We all have heard stories of newly minted college graduates working as baristas or selling clothes at Gap. It’s what economists call underemployment: people doing jobs for which they are overqualified. Generally, however, we dismiss the phenomenon as a relic of the recession or a short-term problem affecting a small number of graduates who will find their footing soon.
We believe Americans will need to harness the power of education throughout their working lives. The future of our nation’s economic prosperity depends on a citizenry that constantly retools itself for the future.
Researchour first report
The Permanent Detour: Underemployment’s Long-Term Effects on the Careers of College Grads
The research that we create in house and commission externally will help our policymakers, institutions, entrepreneurs, employers and reformers invest in the infrastructure and systems that working learners will need as they face the future of the workforce. Through our research we will explore questions such as
What does social mobility mean in a "majority minority" nation?
What are the biggest barriers to innovation in college-to-career pathways?
How can peer-to-peer interactions create savvier consumers of higher ed?
How will machine learning influence the workplace of the future?
How might assessments better capture a learner’s skills, mindset and experiences?
What can we learn from nontraditional, employer-validated career pathways?
In our national discourse on higher education, we give a lot of lip service to lifelong learning. But we’ve done little to rework our systems, infrastructure, and architecture of delivering higher education, so that it works better for working learners of all ages. While our rhetoric suggests that learning is lifelong, our actions seem to indicate that school is somehow over by age 30.
Consumers today have access to thousands of reviews and copious amounts of data on just about every item they purchase (even the seemingly insignificant, like a $20 HDMI cable). But when it comes to making what, for most, will be one of the largest investments in their lifetime, prospective college students have precious little information that could guide their decision-making process.
When it comes to higher education, so much of what we buy is a black box. Most students don’t know how much they’ll pay prior to enrollment, let alone where their predecessors landed jobs after graduation. Were they able to pay off their debt? How meaningful did they find the work they were doing after they had graduated?
Strada Institute for the Future of Work (Strada Institute) is dedicated to advancing our understanding of the future of learning and work, so that we may begin to build the learning ecosystem of the future. The Strada Institute is a part of Strada Education Network, a national nonprofit dedicated to improving lives by catalyzing more direct and promising pathways between education and employment.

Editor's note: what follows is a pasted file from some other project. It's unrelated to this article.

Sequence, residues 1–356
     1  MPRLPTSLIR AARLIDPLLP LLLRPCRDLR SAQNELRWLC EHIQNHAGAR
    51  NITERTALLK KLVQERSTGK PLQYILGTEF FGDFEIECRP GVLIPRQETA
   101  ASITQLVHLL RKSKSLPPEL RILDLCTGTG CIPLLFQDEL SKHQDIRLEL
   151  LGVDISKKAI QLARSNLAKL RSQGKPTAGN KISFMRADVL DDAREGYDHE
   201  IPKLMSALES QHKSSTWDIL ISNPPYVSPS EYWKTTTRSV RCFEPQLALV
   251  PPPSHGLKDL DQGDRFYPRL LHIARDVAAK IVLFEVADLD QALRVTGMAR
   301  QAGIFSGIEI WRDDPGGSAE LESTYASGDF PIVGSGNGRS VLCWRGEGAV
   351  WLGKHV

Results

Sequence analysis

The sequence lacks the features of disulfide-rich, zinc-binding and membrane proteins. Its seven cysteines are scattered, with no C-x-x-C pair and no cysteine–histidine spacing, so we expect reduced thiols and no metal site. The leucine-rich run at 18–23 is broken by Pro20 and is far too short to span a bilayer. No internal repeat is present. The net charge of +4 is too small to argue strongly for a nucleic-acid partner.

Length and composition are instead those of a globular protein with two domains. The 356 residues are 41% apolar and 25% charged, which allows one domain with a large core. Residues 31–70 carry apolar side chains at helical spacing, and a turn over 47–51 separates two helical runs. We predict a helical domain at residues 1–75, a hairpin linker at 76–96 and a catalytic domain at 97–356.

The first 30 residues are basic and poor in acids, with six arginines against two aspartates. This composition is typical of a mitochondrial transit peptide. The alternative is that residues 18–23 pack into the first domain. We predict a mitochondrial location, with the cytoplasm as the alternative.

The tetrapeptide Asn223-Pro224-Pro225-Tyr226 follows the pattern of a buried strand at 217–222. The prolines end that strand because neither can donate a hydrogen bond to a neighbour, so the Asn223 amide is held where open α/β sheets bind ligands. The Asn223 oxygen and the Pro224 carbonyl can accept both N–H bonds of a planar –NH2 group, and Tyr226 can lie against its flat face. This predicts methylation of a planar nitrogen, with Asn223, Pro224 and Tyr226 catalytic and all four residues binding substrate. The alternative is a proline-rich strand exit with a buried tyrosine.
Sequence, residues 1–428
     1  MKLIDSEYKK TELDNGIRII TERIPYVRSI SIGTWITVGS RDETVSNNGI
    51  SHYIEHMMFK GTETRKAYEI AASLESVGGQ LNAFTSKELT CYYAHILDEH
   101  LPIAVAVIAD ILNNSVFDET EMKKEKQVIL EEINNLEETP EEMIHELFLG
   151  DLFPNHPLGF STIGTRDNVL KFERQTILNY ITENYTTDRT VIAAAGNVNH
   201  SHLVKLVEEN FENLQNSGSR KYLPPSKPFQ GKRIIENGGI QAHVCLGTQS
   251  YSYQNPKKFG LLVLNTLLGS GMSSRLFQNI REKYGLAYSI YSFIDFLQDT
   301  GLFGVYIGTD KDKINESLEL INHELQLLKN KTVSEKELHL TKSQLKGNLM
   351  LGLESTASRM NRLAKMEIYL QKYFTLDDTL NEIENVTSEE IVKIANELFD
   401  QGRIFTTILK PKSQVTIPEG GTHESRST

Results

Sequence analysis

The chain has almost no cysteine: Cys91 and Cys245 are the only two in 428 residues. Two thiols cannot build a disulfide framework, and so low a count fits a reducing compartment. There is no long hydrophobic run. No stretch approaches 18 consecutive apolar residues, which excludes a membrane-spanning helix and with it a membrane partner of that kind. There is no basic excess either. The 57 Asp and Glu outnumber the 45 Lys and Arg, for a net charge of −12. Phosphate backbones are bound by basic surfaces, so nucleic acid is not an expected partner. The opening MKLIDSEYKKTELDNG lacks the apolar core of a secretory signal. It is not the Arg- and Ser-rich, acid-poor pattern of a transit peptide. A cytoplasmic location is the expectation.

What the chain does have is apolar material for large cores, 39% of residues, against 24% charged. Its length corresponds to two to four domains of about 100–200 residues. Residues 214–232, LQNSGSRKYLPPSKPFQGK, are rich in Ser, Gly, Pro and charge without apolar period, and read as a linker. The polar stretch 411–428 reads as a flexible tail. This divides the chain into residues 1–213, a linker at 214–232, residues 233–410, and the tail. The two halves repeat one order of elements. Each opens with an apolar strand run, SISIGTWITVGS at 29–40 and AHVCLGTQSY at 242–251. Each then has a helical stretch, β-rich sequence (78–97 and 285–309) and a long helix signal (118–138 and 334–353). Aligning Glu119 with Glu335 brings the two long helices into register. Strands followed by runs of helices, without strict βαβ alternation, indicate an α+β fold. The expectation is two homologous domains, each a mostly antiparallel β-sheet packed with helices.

Michelle Weise, Chief Innovation Officer at Strada Institute, gave this EdTalk at the 2018 UIA National Summit.
Michelle R. Weise is a higher education expert who specializes in disruptive innovation and the future of learning and work. As chief innovation officer and senior vice president, she leads Strada Education Network’s workforce strategies as well as its innovation and thought leadership priorities. Her research focuses on the future of the workforce and how to connect students more directly to meaningful employment pathways throughout their working lives.
Beth is committed to understanding and advancing the future of learning and work for all. She was formerly the chief strategy and research officer with the Colorado Department of Higher Education, where she focused on using longitudinal research to drive better policy decision-making. Beth believes that by researching and embracing the future world of work and adapting our learning ecosystem to match this evolution, we can be proactive rather than reactive.
Andrew researches the challenges associated with the future of work and how our learning ecosystem must evolve to meet those challenges head on. Andrew was formerly a senior research analyst at the Georgetown University Center on Education and the Workforce. Andrew believes that preparing for the future of work is the fundamental challenge of our generation as it will determine who and how many have access to an independent and prosperous life.
Policymakers and researchers will gather to present new data from America Succeeds, Gallup and Northeastern University that focuses on how to prepare young adults for the changing labor market. The panel will be followed by a roundtable response featuring experts from Burning Glass Technologies, the Business-Higher Education Forum, Strada Education Network, Intermountain Healthcare and the North Dakota State Board of Higher Education.
The skills for success in the jobs of the future will be different than those of today. Education and training leaders should understand the growing demand for both specialized occupational skills and broader employability skills, such as collaboration, communication and problem solving. How can systems prepare workers to build the skills that will be essential to future career readiness and advancement?
Panelists: Beth Bean, Byron Auguste, Ananth Kasturiraman
Moderator: Jon Schnur
Advancements in technology are quickly changing the workforce landscape. Many jobs are being lost to automation, and new jobs are emerging without formal talent pipelines to fill them. How do we help our citizenry retool themselves for what’s to come? Join Strada Institute for the Future of Work for a dynamic discussion about the challenges and opportunities of the future of work and how our learning ecosystem must evolve to address them.